I do a lot of the things your book mentions. I feel so free from our past stresses. The thing that makes me happiest is that I'm only 31 years old and learned this early in the game.
The hardest thing is trying to explain our lifestyle to people my age because they think our downscaling was motivated by a negative, such as my quitting my job, or because we can't afford things. It's the opposite, but people don't get it. We don't want an answering machine or call waiting. It's not that we can't afford it. Like you, I was constantly on the phone on my last job, and am not fond of the phone.
I've stopped trying to explain to people. Now I let them wonder why I'm so happy and secure in myself these days.
Byron Center, MI
4. A "Cabin in the Woods" Approach to Simple Living
I live in Skagway, Alaska, ninety miles north of Juneau. Your book Simplify Your Life made it to my morning "wake up slowly time" (by reading a book and sipping warm apple cider) just this morning. It was a gift from relatives in Vail, Colorado. I had been feeling complicated and rushed lately, and decided to see what you had for me!
Soon, with a big smile, I realized that I had actually graduated from most of the one hundred simplifiers. Thank you for reminding me how most Americans live a crazy busy life compared to mine.
As I looked around my one-room cabin, taking in all 400 square feet of it, I laughed at myself for thinking my life was too complex. I live eight miles out of Skagway (population 720) in my cabin that has no electricity or running water other than the mountain creek that "runs" by my cabin that I've been drinking from for over five years. I have wood heat, a propane stove, and a neat and clean outhouse. I use the creek for refrigeration in summer, and a window box for a fridge in the winter. I can look out my window and see the harbor seals playing and hear the dolphins exhaling out of their blowholes.
For exercise, I chop all my own wood to burn and bike the eight miles to work most days of the week. In winter there are no open businesses in town to use me as their bookkeeper, so I have about five or six months off a year.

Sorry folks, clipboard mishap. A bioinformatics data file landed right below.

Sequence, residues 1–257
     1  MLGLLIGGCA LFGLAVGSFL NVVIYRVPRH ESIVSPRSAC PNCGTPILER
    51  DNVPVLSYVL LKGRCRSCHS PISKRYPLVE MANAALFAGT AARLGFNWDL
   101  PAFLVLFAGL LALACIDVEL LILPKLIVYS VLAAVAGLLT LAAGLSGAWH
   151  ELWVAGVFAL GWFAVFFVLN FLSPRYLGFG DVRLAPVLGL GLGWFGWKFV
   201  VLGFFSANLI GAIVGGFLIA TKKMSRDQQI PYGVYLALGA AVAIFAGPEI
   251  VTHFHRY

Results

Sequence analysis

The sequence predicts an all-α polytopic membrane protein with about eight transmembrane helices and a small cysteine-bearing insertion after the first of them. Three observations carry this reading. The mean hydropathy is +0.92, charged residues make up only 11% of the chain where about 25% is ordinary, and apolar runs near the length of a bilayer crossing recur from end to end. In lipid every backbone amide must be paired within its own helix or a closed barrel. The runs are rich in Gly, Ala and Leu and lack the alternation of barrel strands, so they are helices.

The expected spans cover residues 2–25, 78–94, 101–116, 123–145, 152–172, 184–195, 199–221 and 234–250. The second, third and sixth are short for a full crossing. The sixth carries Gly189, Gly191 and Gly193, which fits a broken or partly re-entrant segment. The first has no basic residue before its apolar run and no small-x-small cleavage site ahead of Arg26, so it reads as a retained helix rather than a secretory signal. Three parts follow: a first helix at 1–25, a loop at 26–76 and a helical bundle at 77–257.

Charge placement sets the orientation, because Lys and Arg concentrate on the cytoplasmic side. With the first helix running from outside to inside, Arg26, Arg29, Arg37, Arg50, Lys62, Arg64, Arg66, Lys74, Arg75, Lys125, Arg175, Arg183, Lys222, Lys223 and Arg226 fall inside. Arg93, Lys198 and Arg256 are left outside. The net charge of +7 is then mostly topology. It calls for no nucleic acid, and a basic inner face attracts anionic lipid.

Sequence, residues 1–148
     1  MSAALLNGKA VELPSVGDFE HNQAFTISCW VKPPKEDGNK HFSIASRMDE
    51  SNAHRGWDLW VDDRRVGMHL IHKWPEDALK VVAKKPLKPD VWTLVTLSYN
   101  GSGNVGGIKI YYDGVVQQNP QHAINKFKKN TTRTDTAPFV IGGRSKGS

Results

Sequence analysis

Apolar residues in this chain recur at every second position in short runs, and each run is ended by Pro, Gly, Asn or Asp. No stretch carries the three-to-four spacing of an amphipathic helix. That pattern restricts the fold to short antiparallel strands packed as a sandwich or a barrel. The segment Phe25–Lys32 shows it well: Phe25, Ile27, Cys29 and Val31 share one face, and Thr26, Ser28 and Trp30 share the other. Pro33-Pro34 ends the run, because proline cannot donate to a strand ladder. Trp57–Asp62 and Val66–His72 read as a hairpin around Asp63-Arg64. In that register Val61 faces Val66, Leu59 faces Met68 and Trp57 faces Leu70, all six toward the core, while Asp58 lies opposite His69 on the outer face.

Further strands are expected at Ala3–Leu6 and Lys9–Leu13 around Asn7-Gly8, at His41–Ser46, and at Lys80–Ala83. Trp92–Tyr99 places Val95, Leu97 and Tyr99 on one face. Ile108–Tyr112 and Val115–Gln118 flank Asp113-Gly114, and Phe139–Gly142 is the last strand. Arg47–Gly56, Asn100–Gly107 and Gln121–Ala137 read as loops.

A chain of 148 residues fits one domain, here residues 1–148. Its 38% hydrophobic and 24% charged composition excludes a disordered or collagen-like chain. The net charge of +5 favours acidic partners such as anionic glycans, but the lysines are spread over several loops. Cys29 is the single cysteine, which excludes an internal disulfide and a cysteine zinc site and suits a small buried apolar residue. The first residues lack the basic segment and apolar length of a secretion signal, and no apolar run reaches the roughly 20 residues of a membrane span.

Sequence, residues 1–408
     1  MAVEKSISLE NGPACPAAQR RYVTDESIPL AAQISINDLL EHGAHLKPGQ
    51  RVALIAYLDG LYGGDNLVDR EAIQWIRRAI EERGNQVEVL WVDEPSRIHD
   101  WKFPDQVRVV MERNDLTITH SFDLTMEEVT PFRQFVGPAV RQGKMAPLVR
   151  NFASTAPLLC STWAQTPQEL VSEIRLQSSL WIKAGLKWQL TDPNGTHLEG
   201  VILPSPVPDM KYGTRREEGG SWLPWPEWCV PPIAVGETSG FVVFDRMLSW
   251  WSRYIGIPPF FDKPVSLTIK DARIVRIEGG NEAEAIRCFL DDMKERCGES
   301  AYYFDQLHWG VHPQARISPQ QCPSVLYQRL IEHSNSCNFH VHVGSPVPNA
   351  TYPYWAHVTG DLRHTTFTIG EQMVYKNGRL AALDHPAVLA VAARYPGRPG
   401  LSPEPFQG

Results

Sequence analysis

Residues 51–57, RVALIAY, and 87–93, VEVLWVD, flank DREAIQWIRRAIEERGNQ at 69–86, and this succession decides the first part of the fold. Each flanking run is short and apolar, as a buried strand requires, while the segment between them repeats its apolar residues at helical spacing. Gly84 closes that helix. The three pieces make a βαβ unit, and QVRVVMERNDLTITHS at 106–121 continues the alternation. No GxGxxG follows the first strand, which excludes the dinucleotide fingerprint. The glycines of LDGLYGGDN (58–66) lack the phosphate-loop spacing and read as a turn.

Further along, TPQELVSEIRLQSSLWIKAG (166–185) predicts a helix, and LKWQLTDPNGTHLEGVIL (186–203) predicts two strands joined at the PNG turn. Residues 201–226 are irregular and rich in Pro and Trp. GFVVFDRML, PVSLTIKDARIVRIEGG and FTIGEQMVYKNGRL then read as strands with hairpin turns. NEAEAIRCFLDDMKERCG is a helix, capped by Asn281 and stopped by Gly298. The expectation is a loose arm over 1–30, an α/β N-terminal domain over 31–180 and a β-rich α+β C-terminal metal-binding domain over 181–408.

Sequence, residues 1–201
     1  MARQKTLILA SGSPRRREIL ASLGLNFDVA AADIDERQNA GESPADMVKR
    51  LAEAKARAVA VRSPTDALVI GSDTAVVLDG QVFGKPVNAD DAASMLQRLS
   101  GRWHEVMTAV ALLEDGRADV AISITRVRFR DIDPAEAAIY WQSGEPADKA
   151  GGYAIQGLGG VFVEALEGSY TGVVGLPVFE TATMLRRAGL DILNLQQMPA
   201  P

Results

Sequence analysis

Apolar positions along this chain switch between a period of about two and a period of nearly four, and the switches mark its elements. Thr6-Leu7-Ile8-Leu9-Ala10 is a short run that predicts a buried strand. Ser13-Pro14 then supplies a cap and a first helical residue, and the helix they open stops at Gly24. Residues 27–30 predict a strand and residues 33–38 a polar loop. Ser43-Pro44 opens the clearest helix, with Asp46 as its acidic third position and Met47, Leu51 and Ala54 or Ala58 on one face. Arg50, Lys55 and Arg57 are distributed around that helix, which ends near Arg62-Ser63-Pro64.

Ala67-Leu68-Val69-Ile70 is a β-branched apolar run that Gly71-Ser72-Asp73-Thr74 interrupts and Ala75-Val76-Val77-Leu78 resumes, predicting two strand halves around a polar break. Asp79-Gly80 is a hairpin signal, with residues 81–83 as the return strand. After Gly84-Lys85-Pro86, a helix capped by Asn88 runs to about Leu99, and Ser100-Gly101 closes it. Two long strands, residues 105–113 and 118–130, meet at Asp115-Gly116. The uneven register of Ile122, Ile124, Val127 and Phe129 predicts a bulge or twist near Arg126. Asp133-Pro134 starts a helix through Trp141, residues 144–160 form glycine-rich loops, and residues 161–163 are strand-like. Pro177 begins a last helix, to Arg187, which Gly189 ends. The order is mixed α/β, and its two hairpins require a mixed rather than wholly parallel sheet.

My quality of life is fantastic. Yesterday I saw both a bear and a coyote in my neighborhood. The eagle on the front of this card follows me to work in the mornings! I have clean air, clean water, and many loving friends who all live as simply as I do. I actually forget that most people don't live like me and my neighbors.
We aren't hippies or revolutionists. We simply simplified. You'd be amazed how much you can really pare down. I have hauled up a car battery that I run my radio/CD player on, but imagine how much space you'd have without all of your plug-in gadgets! Sometimes we rent movies and watch them at the public library. But the TV was the first thing I was delighted to part with.
Thank you for making your great ideas feasible for people who would not be able to make such a big step over to my lifestyle—but perhaps they'd be able to fire their personal trainer, or simplify their diet, or just smile at their neighbor.
Have a great day.
5. What Does Simple Living Mean to You?
The levels of stress many of us have experienced in our fast-paced lifestyles have made us long for respite from the pressures of the modern world. The temptation is strong to think that respite would come from packing up and leaving it all behind.
But as Carlie Gnatzig points out, moving to a cabin in the woods is a big leap. Many people have left everything behind to move to the country, and then found that it's not necessarily simple or suitable.
Tempting as it might be to some, escaping to the woods is not the only way one can live a simple life. And it's probably not a realistic option for most of us.
And it's not necessary to make such sweeping changes in order to simplify, at least not to begin with. For many, even minor alterations to the lifestyle we're now living can bring significant relief.
So before you order up the proper attire from L. L. Bean, you may find it helpful, if you haven't done so already, to take some time to figure out what simple living really means to you.
What do you hope to achieve by making some changes that would simplify your life? What would have to happen for you to live more simply? And how will you know when you've gotten there? Can you make some easy changes right where you are? Or would you have to move across town, or possibly across country to get to simple?
It's possible your ideas about simplifying will change as you go along. Keep in mind that what may be simple for someone else may not be simple for you. You may end up with an entirely different understanding of simple living than the one you start out with.
- "A pinch of Heloise and a dash of Buddha."—Publishers Weekly
- On Sale
- Apr 22, 2014
- Page Count
- 320 pages
- Hachette Books